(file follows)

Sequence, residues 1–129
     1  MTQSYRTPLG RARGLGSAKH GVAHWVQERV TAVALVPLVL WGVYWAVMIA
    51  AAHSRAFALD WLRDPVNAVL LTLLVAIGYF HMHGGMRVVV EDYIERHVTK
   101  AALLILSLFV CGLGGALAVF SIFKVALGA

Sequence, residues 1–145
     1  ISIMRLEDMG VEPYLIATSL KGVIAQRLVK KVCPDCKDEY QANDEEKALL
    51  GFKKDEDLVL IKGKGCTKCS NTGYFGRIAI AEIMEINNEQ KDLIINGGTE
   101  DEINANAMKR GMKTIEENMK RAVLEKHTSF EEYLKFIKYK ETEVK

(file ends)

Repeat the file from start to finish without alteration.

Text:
Sequence, residues 1–129
     1  MTQSYRTPLG RARGLGSAKH GVAHWVQERV TAVALVPLVL WGVYWAVMIA
    51  AAHSRAFALD WLRDPVNAVL LTLLVAIGYF HMHGGMRVVV EDYIERHVTK
   101  AALLILSLFV CGLGGALAVF SIFKVALGA

Sequence, residues 1–145
     1  ISIMRLEDMG VEPYLIATSL KGVIAQRLVK KVCPDCKDEY QANDEEKALL
    51  GFKKDEDLVL IKGKGCTKCS NTGYFGRIAI AEIMEINNEQ KDLIINGGTE
   101  DEINANAMKR GMKTIEENMK RAVLEKHTSF EEYLKFIKYK ETEVK